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NSF grant launches Plant Science Research Network

David Stern and Crispin Taylor
Provided
David Stern and Crispin Taylor.

The Boyce Thompson Institute for Plant Research (BTI) and the American Society of Plant Biologists (ASPB) received a $730,000, five-year grant from the National Science Foundation to create the Plant Science Research Network (PSRN).

The network will promote innovative plant science research, collaboration and education and builds on a multiyear effort to unite a broad spectrum of plant scientists around a scientific agenda. The NSF grant will support new collaborations, especially related to the development of communitywide standards for exchanging data and metadata.

PSRN aims to harness the vision and expertise of the plant science research community to support agricultural sustainability and growth of the bioeconomy, in an era where population growth and environmental pressures require careful stewardship of natural resources.

“The PSRN is an ambitious effort to make it easy for plant scientists to acquire and deploy a range of experimental and soft skills. The diversity of plant science represented … is a tremendous strength, but also a challenge to developing a cohesive vision for research and training. Our hope is to accelerate the building of knowledge and careers that will be needed to meet our society’s challenges,” said BTI President David Stern.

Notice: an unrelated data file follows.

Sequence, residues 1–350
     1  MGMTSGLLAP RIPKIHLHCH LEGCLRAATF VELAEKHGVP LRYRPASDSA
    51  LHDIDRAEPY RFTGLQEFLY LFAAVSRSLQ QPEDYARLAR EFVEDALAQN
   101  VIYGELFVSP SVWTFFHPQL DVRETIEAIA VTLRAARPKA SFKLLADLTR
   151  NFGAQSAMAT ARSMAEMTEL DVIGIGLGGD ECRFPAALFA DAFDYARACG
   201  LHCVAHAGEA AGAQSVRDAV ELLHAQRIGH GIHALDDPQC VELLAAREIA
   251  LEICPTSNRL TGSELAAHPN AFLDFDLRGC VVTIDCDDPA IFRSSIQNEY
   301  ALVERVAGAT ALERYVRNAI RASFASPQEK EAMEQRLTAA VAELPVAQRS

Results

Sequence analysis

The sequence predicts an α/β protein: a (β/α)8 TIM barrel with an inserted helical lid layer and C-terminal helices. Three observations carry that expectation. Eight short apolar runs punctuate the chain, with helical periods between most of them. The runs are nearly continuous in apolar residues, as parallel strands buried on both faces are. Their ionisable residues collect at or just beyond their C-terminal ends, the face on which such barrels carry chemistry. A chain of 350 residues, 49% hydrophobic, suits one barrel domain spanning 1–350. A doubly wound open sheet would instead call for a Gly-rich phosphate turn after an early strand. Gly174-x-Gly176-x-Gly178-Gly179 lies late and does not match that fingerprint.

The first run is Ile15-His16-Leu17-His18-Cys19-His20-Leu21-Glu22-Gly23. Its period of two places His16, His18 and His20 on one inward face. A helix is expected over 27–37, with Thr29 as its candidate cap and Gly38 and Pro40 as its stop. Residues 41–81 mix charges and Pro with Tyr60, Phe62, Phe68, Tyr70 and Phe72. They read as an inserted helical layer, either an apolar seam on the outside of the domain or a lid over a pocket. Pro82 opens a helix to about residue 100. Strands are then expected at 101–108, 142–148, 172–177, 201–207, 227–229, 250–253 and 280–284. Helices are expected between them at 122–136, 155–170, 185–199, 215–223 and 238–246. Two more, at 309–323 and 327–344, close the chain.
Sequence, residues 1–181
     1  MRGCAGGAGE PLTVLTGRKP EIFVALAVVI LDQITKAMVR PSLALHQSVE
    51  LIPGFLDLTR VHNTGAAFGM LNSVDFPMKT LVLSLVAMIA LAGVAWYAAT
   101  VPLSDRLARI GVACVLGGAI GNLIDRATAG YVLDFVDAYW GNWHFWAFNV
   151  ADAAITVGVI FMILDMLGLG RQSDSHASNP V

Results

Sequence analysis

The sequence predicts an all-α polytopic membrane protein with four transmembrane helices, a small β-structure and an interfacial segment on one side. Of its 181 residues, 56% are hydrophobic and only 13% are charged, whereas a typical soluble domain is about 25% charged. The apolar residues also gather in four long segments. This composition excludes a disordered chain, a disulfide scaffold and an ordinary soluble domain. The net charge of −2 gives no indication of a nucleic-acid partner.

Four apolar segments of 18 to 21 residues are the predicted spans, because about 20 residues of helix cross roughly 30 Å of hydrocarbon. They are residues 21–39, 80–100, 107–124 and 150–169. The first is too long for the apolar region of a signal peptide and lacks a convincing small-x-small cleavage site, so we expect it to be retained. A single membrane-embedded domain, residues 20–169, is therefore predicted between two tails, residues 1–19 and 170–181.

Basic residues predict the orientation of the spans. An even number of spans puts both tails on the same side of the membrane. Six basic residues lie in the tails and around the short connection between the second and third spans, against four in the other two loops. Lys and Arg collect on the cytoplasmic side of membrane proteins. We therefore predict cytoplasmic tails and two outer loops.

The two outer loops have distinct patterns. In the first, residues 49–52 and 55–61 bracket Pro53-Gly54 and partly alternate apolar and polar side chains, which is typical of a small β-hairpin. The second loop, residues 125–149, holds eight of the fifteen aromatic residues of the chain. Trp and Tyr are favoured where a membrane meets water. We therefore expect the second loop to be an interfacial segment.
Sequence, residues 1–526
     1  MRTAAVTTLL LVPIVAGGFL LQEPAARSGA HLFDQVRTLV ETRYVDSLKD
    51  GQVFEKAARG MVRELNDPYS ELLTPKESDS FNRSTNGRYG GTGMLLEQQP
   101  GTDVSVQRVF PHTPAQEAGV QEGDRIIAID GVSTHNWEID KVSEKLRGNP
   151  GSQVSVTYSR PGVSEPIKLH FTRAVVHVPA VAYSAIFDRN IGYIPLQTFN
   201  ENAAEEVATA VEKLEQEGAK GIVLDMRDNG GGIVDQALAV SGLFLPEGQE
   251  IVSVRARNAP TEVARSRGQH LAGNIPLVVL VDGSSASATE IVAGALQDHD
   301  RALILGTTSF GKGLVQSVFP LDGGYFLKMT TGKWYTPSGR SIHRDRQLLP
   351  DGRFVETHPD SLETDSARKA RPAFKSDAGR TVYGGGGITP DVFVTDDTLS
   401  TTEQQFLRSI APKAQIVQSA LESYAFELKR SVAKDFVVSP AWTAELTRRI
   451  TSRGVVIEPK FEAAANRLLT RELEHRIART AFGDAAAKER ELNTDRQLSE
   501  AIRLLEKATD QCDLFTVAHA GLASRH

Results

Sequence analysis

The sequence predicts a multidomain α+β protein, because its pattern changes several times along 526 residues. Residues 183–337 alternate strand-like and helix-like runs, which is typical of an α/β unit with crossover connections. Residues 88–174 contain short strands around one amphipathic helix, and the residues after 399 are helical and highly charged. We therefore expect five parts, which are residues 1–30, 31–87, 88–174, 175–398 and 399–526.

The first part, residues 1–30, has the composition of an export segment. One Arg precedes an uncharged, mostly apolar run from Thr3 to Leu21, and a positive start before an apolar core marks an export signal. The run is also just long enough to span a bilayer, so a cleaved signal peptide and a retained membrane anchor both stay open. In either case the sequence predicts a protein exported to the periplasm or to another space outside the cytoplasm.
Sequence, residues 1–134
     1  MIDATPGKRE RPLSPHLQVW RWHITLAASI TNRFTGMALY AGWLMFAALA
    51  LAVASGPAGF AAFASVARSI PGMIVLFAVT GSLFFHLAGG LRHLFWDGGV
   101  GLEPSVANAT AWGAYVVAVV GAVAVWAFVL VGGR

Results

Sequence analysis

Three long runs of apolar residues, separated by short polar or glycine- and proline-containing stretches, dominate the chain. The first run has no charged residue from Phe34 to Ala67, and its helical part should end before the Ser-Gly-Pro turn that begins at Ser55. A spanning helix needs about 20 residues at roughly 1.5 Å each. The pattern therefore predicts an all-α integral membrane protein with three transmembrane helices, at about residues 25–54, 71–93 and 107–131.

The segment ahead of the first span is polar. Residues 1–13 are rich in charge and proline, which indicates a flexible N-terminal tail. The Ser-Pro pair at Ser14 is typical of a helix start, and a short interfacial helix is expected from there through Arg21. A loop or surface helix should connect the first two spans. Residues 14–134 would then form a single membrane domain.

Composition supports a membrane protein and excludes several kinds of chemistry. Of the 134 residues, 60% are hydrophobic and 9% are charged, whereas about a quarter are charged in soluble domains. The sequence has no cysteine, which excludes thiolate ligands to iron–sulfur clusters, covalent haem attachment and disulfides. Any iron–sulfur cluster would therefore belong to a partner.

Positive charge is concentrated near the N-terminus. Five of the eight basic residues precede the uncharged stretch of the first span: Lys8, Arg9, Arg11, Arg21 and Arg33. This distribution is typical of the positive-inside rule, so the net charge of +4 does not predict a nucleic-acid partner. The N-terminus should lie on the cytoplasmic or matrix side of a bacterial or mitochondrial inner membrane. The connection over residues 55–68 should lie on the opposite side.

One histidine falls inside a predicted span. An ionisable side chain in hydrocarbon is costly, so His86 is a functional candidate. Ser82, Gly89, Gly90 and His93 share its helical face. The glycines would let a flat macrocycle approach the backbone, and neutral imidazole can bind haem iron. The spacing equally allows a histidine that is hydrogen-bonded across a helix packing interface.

According to Crispin Taylor, ASPB executive director, “The PSRN will use dedicated workshops to devise novel solutions to broaden participation in plant sciences and to reimagine plant science graduate student and postdoctoral training.”

PSRN activities will benefit member societies and associated plant scientists directly by ensuring that researchers are aware of each other’s efforts, which will yield more opportunities for collaboration, especially interdisciplinary projects that enrich the body of plant science knowledge. The network will promote a cohesive message from the plant community and actively engage other organizations. The network also will create recruitment and training opportunities for young scientists and broaden participation of underrepresented groups in the plant sciences.

Founding PSRN members include the Alliance of Crop, Soil and Environmental Science Societies, the American Phytopathological Society, the American Society for Horticultural Science, the Botanical Society of America, the Genetics Society of America and the Council on Undergraduate Research.

The Plant Science Exchange website (plantae.org) launches this fall and will facilitate effective data management and sharing between PSRN members and connect members of scientific societies to share information about meetings and events, job postings, educational programs and opportunities for funding in the plant sciences.

Natalie Henkhaus is the executive coordinator of the PSRN. Contact her for further information.

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John Carberry